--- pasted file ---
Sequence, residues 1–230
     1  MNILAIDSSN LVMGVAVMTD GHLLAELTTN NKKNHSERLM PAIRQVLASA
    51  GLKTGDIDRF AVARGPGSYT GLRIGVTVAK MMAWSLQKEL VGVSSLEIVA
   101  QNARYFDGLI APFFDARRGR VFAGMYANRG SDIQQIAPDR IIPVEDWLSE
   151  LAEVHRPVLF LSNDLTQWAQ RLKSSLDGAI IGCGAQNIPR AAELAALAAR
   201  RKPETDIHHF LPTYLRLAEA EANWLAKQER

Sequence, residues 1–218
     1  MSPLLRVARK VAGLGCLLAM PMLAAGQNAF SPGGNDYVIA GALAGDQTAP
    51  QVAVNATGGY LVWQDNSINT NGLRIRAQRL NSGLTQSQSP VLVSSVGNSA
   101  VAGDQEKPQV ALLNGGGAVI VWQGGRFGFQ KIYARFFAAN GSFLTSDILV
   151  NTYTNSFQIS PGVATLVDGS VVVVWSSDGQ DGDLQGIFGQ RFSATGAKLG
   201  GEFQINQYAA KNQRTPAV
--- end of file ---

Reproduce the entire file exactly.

Sequence, residues 1–230
     1  MNILAIDSSN LVMGVAVMTD GHLLAELTTN NKKNHSERLM PAIRQVLASA
    51  GLKTGDIDRF AVARGPGSYT GLRIGVTVAK MMAWSLQKEL VGVSSLEIVA
   101  QNARYFDGLI APFFDARRGR VFAGMYANRG SDIQQIAPDR IIPVEDWLSE
   151  LAEVHRPVLF LSNDLTQWAQ RLKSSLDGAI IGCGAQNIPR AAELAALAAR
   201  RKPETDIHHF LPTYLRLAEA EANWLAKQER

Sequence, residues 1–218
     1  MSPLLRVARK VAGLGCLLAM PMLAAGQNAF SPGGNDYVIA GALAGDQTAP
    51  QVAVNATGGY LVWQDNSINT NGLRIRAQRL NSGLTQSQSP VLVSSVGNSA
   101  VAGDQEKPQV ALLNGGGAVI VWQGGRFGFQ KIYARFFAAN GSFLTSDILV
   151  NTYTNSFQIS PGVATLVDGS VVVVWSSDGQ DGDLQGIFGQ RFSATGAKLG
   201  GEFQINQYAA KNQRTPAV